Publicly affirm the legitimate role of women defenders and protect them from violations by State and non-State actors by acknowledging such violations and implementing security measures for them
Finally, refrain from criminalising the legitimate activities of defenders including women defenders, and repeal all laws and policies that restrict their activities and rights, including the Public Order Management Act, the Anti-Pornography Act, Anti-Money Laundering Act, Anti-Terrorism Act ( as amended), and the Computer Misuse Act.
Women Human Rights Defenders network Uganda was glad to participate in the E-public dialogue in commemoration of the Anti-torture Day 2022 on June 26th. This day marked 10 years of the Anti-torture law since its enactment and was aired on NBS TV organized by Uganda Human Rights Commission in conjunction with Anti Torture For Violence.
Ida Nakiganda – Director, Complaints, Investigation and Legal Services UHRC.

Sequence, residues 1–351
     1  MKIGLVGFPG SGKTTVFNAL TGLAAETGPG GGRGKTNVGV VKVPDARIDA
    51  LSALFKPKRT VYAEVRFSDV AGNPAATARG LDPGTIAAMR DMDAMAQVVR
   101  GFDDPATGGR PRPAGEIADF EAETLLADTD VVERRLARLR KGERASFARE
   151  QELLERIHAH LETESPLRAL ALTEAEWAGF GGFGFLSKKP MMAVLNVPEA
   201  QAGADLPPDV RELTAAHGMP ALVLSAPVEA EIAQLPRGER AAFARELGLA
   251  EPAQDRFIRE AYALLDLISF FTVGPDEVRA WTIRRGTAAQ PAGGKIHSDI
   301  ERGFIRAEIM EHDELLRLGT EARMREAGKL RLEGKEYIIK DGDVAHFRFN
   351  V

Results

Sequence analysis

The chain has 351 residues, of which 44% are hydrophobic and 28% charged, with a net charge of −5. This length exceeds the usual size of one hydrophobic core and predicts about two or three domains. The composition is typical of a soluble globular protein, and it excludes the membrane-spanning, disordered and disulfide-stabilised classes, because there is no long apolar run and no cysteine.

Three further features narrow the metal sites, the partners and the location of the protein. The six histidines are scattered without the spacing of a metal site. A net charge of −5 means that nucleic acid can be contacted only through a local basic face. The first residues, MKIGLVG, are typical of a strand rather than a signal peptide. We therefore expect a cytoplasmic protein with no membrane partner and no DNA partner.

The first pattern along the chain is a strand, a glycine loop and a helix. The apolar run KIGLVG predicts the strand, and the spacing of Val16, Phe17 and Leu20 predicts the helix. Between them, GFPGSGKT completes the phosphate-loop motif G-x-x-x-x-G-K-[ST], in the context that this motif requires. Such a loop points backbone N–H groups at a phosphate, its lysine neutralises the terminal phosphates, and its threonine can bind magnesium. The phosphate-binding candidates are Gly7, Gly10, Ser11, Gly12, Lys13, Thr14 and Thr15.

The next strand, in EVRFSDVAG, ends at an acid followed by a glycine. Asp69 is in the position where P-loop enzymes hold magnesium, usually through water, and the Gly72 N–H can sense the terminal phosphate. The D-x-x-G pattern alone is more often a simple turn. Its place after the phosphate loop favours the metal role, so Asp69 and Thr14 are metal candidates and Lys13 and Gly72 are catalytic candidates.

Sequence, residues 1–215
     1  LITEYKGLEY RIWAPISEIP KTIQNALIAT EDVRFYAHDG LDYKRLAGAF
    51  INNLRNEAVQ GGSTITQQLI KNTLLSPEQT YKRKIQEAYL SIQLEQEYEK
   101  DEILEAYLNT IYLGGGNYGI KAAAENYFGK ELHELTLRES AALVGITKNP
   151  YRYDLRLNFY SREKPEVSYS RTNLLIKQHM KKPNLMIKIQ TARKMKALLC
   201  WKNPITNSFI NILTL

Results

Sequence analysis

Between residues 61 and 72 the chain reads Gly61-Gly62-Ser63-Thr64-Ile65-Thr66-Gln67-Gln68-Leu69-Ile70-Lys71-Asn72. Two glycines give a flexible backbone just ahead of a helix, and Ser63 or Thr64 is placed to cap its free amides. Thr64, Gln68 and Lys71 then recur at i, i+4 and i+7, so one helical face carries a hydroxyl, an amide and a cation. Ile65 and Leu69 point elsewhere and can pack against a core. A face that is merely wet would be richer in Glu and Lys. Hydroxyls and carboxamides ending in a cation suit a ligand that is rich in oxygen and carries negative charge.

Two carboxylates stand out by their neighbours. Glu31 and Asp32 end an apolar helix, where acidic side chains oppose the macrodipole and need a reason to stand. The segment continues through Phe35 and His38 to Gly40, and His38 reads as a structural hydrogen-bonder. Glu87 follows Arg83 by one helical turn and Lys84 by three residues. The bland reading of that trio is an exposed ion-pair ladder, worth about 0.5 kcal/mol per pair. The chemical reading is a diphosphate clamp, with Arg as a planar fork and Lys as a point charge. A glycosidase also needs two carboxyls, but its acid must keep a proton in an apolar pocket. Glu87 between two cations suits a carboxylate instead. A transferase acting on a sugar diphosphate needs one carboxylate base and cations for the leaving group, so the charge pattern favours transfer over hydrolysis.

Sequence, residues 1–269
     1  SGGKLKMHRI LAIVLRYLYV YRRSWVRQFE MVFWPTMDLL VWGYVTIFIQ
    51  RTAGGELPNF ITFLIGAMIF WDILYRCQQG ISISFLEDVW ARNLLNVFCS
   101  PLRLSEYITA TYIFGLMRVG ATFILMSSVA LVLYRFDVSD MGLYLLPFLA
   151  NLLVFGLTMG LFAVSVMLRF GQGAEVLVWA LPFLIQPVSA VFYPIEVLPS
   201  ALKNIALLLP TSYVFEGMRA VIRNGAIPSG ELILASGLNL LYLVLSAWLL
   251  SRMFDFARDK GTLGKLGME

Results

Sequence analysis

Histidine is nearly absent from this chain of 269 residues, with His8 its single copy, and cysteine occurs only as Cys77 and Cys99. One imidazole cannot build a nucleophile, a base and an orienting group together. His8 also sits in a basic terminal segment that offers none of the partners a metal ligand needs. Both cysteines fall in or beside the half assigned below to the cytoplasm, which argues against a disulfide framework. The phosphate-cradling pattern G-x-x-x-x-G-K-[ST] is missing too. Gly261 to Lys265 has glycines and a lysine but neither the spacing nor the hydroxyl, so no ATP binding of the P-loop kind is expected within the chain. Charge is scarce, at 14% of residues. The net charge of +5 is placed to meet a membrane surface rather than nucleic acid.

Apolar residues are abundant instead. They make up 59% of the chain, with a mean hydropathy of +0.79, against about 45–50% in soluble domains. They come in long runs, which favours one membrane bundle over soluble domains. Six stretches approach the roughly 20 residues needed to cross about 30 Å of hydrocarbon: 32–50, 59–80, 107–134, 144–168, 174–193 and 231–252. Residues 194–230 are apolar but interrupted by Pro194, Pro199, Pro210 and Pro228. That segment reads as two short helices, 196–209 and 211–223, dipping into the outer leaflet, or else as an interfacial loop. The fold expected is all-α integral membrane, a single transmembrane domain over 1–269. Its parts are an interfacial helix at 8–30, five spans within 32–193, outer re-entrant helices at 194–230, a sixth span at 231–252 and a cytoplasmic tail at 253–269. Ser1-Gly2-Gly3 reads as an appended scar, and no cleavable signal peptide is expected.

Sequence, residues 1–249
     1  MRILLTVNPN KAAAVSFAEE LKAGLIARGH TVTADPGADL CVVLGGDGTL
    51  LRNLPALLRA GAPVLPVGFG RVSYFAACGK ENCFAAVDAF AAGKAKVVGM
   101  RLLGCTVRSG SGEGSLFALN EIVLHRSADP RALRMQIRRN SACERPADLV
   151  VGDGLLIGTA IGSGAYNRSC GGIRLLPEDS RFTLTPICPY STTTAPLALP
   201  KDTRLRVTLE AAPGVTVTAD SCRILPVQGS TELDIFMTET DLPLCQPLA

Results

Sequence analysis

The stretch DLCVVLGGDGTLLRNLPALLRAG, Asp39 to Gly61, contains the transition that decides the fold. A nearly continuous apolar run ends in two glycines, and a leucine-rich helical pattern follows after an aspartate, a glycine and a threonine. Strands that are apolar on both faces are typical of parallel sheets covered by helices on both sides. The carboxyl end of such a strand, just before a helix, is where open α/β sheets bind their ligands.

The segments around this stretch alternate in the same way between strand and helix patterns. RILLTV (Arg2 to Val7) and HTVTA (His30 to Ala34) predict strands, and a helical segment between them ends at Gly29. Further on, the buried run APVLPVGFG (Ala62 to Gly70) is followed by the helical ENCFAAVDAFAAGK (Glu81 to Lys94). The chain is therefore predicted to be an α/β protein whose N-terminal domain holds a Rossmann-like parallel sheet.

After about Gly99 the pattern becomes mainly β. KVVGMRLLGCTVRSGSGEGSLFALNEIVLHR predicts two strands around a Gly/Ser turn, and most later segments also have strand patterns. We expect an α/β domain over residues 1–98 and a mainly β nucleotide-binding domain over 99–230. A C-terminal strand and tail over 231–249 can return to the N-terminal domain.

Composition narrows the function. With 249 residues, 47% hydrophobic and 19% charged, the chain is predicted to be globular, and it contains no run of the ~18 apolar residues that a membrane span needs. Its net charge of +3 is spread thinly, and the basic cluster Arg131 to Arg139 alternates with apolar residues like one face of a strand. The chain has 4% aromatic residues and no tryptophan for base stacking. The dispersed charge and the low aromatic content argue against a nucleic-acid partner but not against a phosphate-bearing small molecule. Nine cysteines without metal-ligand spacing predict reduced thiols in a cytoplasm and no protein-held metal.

Barbra Kawuma – Ass DPP in charge of Human rights
ACP Kusemererwa James – Head of Human Rights Development
Herbert Samuel Nsubuga – Chairperson CAT-U, & CEO of ACTV.
What is torture?
Ida Nakiganda of UHRC defined torture relating to the Anti-Torture Act (not in the UN Convention against Torture) as severe pain or suffering by either a public official or a person acting in the capacity of a private individual capacity for the purpose of obtaining a confession or information, punishing and intimidating an individual. There has to be an intention or purpose for which that act was performed.
This definition was widened to include state actors (law enforcement agencies, security agencies), private spheres of life eg GBV, and any other space that may not be formal or official
Samuel CAT started in 2005. We felt it was important to get together a number of civil society organizations to help improve the legal framework in the country that was not specific to torture. Together with UHRC, we started to, first of all, sensitize the relevant stakeholders (the key arms of government, security agencies, and the community).